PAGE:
'Our performances are a mirror': making art out of Ukraine's pain
Ukraine The Upside 'Our performances are a mirror': making art out of Ukraine's pain
An avant garde theatre is finding a way forward in a country facing war, poverty and corruption
A bow slides across cello strings, setting up an atonal motif. Drumsticks clatter staccato beats against the rim of a snare drum. An accordionâs bellows contract and swell. Dry ice fills the packed theatre.
The per formers, a five-piece puppet cabaret group, chant at the gathered crowd: âFear. Death. Cold. My dear.â
At the Dakh theatre in the Ukrainian capital of Kiev, young creatives gather daily to telegraph anxieties, hopes and frustrations. In a country facing toxic post-Soviet problems â" war in the east, corruption, poverty and an economic perma-crisis â" Dakh provides artists with the space to question the world around them and their place in it.
And four years after the start of the war between pro-Russia separatists and Ukrainian forces, there is much to question.
In recent weeks, the venue has hosted a Russian spoken word performance, a Polish-directed production exploring language and identity,and the five-piece puppet cabaret group, TseSho. Often playful, but also mournful and even foreboding, TseSho explore issues such as social media overload, alcoholism, love, social alienation and war. âOur performances are like a mirror of things that are happening ,â says Marusia Ionova, the groupâs cellist.
Each member, dre ssed in a colourful beanie and orange overalls, has a puppet in their likeness, conveying a child-like quality. Much of their music is cyclical, relying on repetition and drone. âIt is eclectic music,â says Dakhâs founder and creative director, Vladislav Troitskyi. âIt is a very strange story because I donât know notes. We sit and we begin to create. We discuss what we want to say and then we compose together.â
In a recent performance informed by the war in Ukraineâs east, the lights fade to pitch black. A red glow begins to emanate from the stage as discordant melodies and the groupâs screams fill the theatre.
Europeâs largest country by area, Ukraine has teetered on the east-west faultline since it gained independence in 1991.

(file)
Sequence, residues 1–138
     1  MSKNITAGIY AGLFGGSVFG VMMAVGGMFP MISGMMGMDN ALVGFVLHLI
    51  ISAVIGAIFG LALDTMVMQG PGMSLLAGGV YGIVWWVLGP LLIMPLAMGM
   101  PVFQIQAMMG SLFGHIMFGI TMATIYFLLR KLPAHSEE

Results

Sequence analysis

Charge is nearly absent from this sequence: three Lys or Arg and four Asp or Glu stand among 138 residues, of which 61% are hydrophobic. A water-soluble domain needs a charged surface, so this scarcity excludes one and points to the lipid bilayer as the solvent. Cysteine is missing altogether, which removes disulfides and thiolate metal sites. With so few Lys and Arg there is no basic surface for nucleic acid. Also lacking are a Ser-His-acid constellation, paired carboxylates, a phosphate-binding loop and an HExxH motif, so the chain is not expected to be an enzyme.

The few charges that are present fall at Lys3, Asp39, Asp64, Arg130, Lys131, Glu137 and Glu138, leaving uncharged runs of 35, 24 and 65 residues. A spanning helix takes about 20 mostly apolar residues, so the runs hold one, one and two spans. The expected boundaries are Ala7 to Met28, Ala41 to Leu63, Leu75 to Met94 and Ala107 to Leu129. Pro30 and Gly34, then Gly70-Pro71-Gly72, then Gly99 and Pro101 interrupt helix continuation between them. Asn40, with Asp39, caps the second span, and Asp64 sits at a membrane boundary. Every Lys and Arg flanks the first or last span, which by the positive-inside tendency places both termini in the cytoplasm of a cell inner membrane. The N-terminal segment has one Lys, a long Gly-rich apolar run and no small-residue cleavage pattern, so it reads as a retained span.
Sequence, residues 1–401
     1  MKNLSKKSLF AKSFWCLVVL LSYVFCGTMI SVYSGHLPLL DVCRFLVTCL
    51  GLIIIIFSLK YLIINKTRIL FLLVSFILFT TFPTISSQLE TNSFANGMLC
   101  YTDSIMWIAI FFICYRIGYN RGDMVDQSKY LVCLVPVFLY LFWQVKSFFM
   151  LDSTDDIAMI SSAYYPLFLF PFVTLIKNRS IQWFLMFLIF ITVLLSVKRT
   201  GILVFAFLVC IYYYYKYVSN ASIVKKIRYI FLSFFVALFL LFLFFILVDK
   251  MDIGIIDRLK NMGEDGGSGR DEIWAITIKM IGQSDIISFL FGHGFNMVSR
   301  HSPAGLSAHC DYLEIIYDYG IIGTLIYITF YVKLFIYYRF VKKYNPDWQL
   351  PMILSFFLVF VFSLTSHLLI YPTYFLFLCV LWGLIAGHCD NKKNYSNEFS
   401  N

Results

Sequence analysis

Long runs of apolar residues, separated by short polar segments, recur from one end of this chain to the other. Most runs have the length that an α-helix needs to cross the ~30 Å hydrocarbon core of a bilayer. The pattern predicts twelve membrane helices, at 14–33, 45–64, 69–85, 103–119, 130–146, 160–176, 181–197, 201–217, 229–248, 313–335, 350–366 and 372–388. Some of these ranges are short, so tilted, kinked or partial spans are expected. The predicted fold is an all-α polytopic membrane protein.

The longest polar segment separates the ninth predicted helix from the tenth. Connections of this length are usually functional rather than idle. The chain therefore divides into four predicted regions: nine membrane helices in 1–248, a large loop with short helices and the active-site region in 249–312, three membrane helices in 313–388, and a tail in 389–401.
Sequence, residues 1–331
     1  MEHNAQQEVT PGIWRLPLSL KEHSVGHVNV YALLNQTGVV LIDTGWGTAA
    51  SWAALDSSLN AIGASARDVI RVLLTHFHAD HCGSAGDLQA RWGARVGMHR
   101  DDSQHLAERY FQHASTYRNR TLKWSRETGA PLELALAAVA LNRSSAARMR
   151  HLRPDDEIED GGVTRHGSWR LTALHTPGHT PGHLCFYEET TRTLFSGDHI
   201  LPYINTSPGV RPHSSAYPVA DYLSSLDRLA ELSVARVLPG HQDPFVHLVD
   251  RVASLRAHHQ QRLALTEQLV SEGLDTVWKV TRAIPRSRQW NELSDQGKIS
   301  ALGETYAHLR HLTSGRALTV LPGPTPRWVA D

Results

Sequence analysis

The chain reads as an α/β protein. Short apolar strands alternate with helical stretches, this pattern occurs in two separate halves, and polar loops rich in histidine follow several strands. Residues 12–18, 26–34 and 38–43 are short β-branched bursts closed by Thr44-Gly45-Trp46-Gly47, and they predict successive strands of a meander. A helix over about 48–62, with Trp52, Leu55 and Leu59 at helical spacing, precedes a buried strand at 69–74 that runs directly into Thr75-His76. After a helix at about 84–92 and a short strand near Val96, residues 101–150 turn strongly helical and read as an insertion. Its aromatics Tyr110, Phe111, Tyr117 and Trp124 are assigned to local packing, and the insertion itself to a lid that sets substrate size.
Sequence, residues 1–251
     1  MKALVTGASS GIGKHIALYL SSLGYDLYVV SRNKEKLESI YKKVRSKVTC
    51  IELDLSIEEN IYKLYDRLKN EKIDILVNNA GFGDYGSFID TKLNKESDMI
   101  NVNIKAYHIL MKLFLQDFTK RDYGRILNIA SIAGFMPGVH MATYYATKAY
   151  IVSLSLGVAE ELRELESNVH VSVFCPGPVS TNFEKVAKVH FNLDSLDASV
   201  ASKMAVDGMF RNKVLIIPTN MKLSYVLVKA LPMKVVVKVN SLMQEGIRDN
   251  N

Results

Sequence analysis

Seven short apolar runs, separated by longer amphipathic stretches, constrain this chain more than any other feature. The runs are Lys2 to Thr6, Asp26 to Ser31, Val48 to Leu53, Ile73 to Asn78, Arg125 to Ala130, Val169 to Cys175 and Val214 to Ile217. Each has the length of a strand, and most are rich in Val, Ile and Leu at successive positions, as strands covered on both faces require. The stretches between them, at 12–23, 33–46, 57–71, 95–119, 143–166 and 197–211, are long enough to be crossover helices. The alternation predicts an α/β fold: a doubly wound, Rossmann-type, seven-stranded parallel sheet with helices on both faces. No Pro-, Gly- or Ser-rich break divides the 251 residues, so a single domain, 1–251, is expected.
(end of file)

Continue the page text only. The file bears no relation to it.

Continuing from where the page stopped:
The conflict that began in 2014 is not its only problem. Ukraine ranks 130th in the global Corruption Perceptions Index; health indicators from longevity to HIV are woeful; the currency has plunged against the dollar, p rices have surged, and the economy has stuttered following the loss of the industry-rich Donbass region.
âWe have realised that we all lived in a different Ukraine,â says Kateryna Petrashova, TseShoâs saxophonist. Some of the groupâs members grew up in the west and centre of the country, another in the sprawling Soviet-style city of Zaporizhia.
The government has banned books and popular Russian social media sites, attempted to force schools beyond primary level to teach exclusively in Ukrainian â" angering Hungary, Poland and Romania â" and pursued a policy of âdecommunisationâ, part of a push to chart an independent national course that also carries hints of revisionism.
âPeople are thinking about their identities,â says accordionist Marichka Shtyrbulova. âWho are we in both the global and national contexts? It is something we have to understand.â
Fascist elements are visible in Ukraine, particularly in the countryâs west, but do not appear to have broad public support. âAcross Europe we see rightwing forces becoming more popular. Younger people have forgotten the story of world war two and that is a very dangerous story,â says Troitskyi. âBut I believe the Ukrainian mind is practical â" people are afraid of a radicalised society.âUkraine's National Militia: 'We're not neo-Nazis, we just want to make our country better' Read more
The Dakh theatre was founded 25 years ago, after the communist collapse, and is best known as the place where the popular Ukrainian folk group DakhaBrakha was founded. Framed photographs of various performances decorate the foyer, as do ghoulish papier-mache masks. Antiquated brass instruments â" trombones, tubas and trumpets â" hang from the ceiling. A tiny bar serves wine and whisky. âThere is a lot of creative energy here, but it hasnât crystallised,â says Troitskyi.
âIt is really sad, but we have two forces in Ukraine,â says Shtyrbulova, speaking of one that tries to âchange things for the betterâ and another that âdrags you downâ. Certainly, endemic corruption isdragging the country down. The murder of the lawyer Iryna Nozdrovska â" found beside a river in Kiev in January with stab wounds to her neck after working to prosecute the nephew of an influential judge â" has proven a potent symbol of the governmentâs failure to seriously address corruption.
âIt is every day,â says Nadiia Gol ubtsova, TseShoâs double bass player. âIf you go to the hospital, you know that you will have to pay to get attention.â
A video teaser for TseShoâs performances features Golubtsova with the top of her head sawn off. A robotic Ionova plunges in needles. âItâs kind of about cleaning your mind,â says Ionova. âWe want our music to be like an injection for peopleâs minds.â
This article is part of a series on efforts to address to some of the worldâs most stubborn problems. What else should we cover? Email us at firstname.lastname@example.org
- The Upside
- Performance art
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